Collaborate

[NIKON D4, 14.0-24.0 mm f/2.8, Mode = Manual, ISO 200, 1/160, ƒ/2.8, (35mm = 14)]

The difference between two parties who compromise or collaborate is huge. 

Compromising leads to disappointment with all parties.  When the parties come together they have a creative idea or solution for a problem.  Each party wants their idea out there more than the other one.  In this scenario a watered down version of both ideas emerge. In the end no one is satisfied with the solution.

[NIKON D3, AF Zoom-Nikkor 24-120mm f/3.5-5.6D IF, Mode = Manual, ISO 100, 1/200, ƒ/18, (35mm = 98)]

Collaboration isn’t about negotiating solutions.  It starts where the parties come together and listening to each other.  They are open to new ideas.  This is where everyone realizes that alone no one gets their ideas implemented, but by partnering with others they can accomplish their goals.

Rowing is a good illustration on how to collaborate.  It is the oldest intercollegiate sport in the United States.  

The Harvard-Yale Boat Race or Harvard-Yale Regatta is an annual rowing race between Yale and Harvard universities. It is America’s oldest collegiate athletic competition. It takes place each year on Thames River, New London, Connecticut.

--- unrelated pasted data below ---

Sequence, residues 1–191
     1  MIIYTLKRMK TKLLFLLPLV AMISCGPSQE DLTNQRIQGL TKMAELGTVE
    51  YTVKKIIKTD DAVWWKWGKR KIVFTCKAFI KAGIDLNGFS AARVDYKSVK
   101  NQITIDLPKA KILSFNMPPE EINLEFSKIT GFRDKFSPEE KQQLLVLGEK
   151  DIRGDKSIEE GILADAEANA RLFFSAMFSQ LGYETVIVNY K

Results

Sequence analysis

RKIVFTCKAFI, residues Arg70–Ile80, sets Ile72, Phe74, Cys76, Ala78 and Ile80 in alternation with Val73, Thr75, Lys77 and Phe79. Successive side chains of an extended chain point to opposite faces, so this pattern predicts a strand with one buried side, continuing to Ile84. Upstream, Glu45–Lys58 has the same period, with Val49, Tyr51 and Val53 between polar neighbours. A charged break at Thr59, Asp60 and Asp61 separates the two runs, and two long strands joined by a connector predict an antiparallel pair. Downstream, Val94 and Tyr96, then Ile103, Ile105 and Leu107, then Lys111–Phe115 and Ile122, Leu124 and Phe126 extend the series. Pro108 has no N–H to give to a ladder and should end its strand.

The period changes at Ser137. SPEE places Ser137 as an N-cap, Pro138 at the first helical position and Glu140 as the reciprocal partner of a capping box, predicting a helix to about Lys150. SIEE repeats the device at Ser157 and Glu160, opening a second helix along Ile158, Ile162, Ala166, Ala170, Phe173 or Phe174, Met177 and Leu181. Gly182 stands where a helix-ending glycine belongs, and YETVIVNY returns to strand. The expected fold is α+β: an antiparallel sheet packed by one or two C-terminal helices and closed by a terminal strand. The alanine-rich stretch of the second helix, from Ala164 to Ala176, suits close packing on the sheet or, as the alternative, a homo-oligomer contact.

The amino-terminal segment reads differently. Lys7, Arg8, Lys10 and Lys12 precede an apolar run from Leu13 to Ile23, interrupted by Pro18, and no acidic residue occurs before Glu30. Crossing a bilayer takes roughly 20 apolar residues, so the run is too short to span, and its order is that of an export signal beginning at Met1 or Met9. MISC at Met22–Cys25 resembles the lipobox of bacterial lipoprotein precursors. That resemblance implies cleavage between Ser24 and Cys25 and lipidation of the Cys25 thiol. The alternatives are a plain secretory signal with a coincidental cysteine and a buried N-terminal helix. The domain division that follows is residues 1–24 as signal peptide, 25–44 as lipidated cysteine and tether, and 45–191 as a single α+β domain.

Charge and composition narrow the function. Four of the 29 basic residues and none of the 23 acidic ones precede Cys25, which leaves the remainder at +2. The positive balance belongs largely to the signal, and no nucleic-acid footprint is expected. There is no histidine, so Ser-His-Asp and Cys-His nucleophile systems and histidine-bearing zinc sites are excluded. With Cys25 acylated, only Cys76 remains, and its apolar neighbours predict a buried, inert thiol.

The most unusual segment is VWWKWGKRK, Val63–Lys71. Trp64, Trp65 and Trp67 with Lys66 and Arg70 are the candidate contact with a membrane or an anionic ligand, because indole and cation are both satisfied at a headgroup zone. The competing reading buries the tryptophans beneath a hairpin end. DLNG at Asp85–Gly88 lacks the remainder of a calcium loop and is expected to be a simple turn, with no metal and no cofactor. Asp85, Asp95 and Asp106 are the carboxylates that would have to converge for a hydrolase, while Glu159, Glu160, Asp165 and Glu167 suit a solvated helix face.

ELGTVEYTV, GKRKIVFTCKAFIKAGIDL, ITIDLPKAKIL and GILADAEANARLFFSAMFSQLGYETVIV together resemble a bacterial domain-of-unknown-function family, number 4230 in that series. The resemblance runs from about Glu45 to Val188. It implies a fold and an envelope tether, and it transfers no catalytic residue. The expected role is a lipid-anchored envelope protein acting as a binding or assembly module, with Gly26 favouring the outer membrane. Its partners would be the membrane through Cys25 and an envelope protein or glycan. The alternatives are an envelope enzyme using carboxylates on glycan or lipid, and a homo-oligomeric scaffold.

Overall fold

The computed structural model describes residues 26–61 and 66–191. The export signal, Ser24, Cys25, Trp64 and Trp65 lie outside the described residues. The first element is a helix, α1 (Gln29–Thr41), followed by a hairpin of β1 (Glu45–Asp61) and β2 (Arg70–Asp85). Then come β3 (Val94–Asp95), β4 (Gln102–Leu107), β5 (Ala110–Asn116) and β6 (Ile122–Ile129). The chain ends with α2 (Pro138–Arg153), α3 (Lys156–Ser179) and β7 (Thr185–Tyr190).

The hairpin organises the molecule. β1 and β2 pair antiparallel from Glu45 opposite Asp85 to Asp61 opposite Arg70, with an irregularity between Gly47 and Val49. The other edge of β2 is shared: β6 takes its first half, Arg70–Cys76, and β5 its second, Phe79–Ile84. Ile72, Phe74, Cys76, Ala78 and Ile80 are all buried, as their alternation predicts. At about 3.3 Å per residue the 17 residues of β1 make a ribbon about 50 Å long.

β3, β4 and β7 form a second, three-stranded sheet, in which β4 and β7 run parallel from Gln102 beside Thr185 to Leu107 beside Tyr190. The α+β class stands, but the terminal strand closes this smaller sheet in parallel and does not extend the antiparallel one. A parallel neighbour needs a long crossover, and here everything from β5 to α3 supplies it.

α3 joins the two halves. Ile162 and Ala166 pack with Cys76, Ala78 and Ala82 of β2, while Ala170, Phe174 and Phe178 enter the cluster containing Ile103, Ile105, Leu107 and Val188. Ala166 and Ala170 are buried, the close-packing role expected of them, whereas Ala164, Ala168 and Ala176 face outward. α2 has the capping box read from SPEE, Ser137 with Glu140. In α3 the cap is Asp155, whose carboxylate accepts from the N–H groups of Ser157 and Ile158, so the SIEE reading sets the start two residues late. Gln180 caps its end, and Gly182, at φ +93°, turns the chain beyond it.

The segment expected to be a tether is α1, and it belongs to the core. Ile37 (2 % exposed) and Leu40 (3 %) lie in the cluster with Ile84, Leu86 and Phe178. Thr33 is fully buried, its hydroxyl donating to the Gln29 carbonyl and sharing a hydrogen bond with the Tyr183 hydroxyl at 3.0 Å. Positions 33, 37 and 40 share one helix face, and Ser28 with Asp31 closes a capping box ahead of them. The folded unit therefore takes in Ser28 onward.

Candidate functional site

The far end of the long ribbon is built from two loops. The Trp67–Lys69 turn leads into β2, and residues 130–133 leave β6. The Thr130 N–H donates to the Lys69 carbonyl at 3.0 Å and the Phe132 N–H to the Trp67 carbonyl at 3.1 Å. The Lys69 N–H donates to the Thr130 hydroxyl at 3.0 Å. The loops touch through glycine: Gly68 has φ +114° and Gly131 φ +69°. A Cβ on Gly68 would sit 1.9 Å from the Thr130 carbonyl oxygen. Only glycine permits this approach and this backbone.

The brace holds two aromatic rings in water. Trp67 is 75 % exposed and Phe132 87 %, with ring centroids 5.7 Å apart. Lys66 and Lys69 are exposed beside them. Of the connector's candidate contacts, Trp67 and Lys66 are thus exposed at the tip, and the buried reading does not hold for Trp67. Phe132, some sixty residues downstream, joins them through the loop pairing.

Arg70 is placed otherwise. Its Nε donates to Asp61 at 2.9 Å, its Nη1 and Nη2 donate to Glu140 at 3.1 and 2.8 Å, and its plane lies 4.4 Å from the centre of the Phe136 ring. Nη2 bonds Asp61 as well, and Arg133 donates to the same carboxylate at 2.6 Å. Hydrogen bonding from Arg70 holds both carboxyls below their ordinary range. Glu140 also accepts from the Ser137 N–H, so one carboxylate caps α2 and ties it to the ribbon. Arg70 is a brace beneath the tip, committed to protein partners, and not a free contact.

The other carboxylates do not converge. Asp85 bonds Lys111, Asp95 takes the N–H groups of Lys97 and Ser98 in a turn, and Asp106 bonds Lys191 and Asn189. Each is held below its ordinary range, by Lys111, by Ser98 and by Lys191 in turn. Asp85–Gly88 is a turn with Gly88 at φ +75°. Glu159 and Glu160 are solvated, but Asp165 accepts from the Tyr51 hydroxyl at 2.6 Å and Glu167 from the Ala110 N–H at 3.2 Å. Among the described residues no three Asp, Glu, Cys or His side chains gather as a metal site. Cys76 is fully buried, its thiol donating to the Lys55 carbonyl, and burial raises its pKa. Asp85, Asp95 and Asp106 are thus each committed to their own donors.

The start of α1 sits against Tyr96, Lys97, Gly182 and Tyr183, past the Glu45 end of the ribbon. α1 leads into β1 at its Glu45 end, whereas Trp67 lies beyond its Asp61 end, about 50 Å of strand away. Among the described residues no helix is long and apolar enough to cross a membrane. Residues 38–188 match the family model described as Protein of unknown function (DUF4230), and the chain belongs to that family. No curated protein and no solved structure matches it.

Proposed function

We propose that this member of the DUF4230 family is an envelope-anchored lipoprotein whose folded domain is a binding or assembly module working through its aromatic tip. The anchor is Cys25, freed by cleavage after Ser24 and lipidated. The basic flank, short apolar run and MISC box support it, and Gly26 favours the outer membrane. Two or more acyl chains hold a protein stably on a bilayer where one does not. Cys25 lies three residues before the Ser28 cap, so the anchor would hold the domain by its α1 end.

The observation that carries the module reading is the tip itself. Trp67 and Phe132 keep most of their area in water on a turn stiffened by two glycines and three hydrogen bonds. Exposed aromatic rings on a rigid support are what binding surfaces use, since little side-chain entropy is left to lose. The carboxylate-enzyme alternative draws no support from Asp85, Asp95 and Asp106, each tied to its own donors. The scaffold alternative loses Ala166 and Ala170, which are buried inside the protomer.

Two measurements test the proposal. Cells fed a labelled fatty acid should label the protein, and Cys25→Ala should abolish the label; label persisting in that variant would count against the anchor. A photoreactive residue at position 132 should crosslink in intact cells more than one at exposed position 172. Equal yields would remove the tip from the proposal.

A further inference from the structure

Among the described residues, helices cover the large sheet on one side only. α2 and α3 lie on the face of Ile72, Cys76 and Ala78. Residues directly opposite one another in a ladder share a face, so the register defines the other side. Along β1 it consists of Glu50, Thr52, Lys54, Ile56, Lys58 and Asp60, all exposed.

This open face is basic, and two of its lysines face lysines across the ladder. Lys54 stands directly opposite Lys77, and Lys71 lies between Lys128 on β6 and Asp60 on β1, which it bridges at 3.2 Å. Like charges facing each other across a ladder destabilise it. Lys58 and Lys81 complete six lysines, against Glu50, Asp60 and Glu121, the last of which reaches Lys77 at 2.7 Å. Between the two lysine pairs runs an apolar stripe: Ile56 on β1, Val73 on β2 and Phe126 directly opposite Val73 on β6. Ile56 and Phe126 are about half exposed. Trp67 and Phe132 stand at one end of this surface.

In this sport the team must work together.  Each person has to stay in sync with his teammates.  For me it is the perfect picture of collaboration. 

If just one person is out of sync the team suffers.

When a client hires me they expect collaboration and not compromise.  Trust is the foundation of this process. You must first trust to your clients, lower your barriers and be exposed.

Listen.  Take notes while listening to the client.  Note taking prevents you from responding to quickly with your ideas.  Active listening means you ask questions to clarify and be sure you have their perspective.  You may want to paraphrase their idea and ask if you have it right.

The key is understanding what they want to accomplish.  You need to also listen and learn where they have very little room for flexibility.  When the client feels like you know what they want and the parameters they are under you have the necessary information to be able to collaborate. 

Meeting and exceeding the client’s expectations is easy, if you listen and check with the client to be sure you understand their project. 

Many clients will have done an excellent job articulating their project from the very beginning.  You still need to explore with them to understand how much flexibility they have.  You still need to articulate their project in your own words. Skip this step and you will experience friction with the client.

All things being equal, people want to do business with their friends.  True friends collaborate rather than compromise.

My friend Tony Messano talks about what he looks for when he hires a photographer in this video clip.  Here is his website http://www.tonymessano.com/ad/